Patients Attribute Shingles to Zostavax Vaccine
The pharmaceutical company Merck & Co. received FDA approval for the Zostavax vaccine in 2006. Zostavax is a one-dose vaccine that reduces the risk of the painful viral infection known as shingles by 51%. Due to the increased likelihood of developing shingles for those 60 years and above, the CDC recommended the Zostavax vaccine to prevent shingles. The vaccine protects for roughly five years and is most effective in patients 60 years and older. Yet, lawsuits allege patients contracted Shingles after receiving the Zostavax vaccine.
Plaintiffs claim to have developed shingles from the weakened strain of the shingles virus present in Zostavax. The live virus within Zostavax helps the body create antibodies to combat shingles in the future. However, lawsuits accuse the vaccine of failing to prepare the body for shingles and instead causing the patients to develop shingles.
Federal Judge Throws Out Zostavax Shingles Lawsuits
Merck secured the exit of over 1,100 lawsuits in the Zostavax MDL that allege the shot caused plaintiffs to suffer from shingles. Judge Bartle ruled plaintiffs failed to provide sufficient evidence that Zostavax was responsible for their injuries, not the reactivated shingles (wild-type) strain already present in their bodies if they had chickenpox as children. Lab analysis of the plaintiffs’ rashes is the only option to determine whether the Zostavax-strain or the wild-type strain caused the disease. Yet, Judge Bartle wrote that none of the plaintiffs submitted laboratory evidence that the strain in Zostavax was the culprit.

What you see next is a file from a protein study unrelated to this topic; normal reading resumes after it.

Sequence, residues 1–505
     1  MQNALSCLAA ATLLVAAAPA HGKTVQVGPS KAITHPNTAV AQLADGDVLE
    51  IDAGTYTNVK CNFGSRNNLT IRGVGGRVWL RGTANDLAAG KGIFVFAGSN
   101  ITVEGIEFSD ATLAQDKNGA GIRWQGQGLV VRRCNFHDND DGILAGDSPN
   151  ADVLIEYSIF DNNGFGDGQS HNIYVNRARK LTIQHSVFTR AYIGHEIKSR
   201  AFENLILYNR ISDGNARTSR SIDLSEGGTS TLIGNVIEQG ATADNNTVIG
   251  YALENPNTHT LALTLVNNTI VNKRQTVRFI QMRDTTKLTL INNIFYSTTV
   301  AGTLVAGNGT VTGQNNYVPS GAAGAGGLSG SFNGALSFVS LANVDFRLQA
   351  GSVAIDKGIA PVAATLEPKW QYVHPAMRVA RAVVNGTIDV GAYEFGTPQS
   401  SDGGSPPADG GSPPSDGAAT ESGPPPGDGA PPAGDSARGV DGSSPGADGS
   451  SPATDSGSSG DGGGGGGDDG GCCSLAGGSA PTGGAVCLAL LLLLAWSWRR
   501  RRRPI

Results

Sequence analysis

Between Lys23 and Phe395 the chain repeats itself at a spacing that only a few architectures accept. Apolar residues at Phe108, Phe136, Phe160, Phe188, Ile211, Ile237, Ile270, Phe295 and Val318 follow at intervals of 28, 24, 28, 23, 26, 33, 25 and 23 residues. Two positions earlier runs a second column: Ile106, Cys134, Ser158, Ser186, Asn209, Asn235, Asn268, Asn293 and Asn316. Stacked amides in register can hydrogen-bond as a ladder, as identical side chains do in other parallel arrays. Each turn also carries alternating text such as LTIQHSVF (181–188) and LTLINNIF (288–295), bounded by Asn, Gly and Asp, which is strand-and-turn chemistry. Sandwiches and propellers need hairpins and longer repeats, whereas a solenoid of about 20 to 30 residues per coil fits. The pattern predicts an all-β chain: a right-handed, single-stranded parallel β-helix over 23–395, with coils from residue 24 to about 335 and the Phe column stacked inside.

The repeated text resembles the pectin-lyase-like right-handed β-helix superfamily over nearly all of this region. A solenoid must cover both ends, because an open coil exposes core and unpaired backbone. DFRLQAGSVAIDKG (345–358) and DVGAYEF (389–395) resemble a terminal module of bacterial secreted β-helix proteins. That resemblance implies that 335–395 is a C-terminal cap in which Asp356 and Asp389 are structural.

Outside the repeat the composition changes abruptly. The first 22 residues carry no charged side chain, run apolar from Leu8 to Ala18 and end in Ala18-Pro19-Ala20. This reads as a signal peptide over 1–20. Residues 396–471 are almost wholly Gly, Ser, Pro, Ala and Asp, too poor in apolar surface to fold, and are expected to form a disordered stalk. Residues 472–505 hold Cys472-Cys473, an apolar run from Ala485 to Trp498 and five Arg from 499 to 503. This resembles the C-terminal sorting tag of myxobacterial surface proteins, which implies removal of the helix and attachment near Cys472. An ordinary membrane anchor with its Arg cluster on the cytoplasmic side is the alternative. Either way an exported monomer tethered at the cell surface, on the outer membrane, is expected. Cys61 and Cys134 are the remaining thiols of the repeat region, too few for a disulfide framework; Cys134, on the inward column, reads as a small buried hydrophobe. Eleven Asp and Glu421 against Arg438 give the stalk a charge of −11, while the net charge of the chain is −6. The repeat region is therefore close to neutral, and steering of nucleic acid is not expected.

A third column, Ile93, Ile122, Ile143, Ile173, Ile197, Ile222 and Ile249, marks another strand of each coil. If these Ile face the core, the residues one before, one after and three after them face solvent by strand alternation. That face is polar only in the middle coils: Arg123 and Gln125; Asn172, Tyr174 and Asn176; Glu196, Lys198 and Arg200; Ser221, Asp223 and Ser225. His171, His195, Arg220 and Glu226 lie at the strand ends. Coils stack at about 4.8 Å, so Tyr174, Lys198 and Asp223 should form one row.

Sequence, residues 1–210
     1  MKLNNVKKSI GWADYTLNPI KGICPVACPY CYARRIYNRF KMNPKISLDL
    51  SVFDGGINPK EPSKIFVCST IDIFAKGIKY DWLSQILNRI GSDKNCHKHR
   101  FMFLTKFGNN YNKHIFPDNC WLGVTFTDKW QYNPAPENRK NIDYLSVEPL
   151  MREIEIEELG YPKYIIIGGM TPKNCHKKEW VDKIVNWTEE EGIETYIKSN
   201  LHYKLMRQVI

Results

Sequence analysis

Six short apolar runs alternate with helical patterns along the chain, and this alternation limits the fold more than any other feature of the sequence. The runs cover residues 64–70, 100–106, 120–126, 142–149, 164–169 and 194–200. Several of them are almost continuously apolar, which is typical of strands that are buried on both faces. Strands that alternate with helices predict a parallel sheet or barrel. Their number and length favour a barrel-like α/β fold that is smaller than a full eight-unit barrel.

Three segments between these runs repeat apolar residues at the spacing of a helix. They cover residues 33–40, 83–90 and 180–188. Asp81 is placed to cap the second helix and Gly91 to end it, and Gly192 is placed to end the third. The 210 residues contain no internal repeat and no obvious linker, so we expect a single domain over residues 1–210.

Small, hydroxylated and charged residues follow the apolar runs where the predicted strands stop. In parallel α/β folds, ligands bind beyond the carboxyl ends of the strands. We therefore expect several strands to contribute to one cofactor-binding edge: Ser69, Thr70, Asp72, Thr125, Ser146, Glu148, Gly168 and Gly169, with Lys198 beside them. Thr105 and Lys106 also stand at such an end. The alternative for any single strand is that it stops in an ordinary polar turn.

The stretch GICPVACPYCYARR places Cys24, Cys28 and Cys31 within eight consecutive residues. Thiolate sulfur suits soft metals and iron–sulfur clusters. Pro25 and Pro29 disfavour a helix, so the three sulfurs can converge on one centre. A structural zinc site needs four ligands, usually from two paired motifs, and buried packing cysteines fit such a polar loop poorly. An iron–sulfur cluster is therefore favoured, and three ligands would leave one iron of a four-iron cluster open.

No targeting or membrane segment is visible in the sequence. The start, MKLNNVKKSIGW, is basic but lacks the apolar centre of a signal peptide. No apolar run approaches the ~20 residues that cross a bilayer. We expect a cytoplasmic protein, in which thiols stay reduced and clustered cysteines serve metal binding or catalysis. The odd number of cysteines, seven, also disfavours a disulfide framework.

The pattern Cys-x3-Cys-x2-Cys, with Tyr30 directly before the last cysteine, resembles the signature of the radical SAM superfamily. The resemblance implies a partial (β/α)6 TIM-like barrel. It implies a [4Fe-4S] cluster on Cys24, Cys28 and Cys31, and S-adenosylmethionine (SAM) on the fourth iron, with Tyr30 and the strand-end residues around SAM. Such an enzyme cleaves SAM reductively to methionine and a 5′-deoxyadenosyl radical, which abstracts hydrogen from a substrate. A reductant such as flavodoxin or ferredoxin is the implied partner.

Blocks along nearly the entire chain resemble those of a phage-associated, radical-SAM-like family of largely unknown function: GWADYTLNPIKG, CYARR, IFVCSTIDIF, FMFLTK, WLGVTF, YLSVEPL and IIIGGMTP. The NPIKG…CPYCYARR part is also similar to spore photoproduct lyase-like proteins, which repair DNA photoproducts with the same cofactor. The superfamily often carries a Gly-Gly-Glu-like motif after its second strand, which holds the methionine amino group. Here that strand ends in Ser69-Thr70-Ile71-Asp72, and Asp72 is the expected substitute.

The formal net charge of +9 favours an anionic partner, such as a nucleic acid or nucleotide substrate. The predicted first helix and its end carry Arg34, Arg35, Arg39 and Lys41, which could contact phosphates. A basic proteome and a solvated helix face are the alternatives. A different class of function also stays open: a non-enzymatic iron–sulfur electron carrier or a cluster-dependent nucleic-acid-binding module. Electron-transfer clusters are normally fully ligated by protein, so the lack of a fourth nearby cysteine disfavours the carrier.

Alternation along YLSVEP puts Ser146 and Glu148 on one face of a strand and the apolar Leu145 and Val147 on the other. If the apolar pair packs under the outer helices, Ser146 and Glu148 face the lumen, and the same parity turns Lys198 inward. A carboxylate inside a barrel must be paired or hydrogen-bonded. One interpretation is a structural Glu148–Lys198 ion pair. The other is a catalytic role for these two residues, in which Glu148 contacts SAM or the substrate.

This motion effectively wipes out over half of the Zostavax MDL, but this has not led to the MDL’s demise. While plaintiffs plan to appeal Judge Bartle’s order, a separate group of cases in the Zostavax MDL remains.
Other Zostavax Lawsuits Claim Autoimmune Disorders and Hearing Damage
The court divided the Zostavax multidistrict litigation into two distinct groups. Group A consisted of claims that the varicella-zoster virus from Zostavax caused individuals to develop shingles. Group B, on the other hand, deals with claims that Zostavax causes autoimmune disorders or hearing loss. A few of the autoimmune disorders named in these lawsuits include paralysis, lymph node disease, disseminated encephalomyelitis, and hemorrhagic strokes.
While Merck has avoided shingles allegations related to Zostavax for now, the company still faces arguably the most pressing and severe claims of autoimmune disorders and hearing loss linked to the vaccine. Furthermore, Merck is also battling lawsuits surrounding its HPV vaccine Gardasil in multidistrict litigation.